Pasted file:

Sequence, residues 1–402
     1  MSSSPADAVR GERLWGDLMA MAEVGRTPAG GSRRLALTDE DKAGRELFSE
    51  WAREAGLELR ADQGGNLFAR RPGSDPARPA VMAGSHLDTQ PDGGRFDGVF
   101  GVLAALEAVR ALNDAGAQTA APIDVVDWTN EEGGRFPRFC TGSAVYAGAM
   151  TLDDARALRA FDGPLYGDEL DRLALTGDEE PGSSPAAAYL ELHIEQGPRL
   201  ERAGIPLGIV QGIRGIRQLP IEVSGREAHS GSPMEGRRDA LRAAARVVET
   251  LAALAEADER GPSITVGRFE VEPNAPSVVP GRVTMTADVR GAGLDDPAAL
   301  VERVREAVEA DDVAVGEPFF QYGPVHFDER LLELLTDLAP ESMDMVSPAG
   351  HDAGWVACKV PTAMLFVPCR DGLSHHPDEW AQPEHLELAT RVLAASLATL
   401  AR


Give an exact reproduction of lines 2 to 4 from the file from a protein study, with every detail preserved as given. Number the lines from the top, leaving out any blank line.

     1  MSSSPADAVR GERLWGDLMA MAEVGRTPAG GSRRLALTDE DKAGRELFSE
    51  WAREAGLELR ADQGGNLFAR RPGSDPARPA VMAGSHLDTQ PDGGRFDGVF
   101  GVLAALEAVR ALNDAGAQTA APIDVVDWTN EEGGRFPRFC TGSAVYAGAM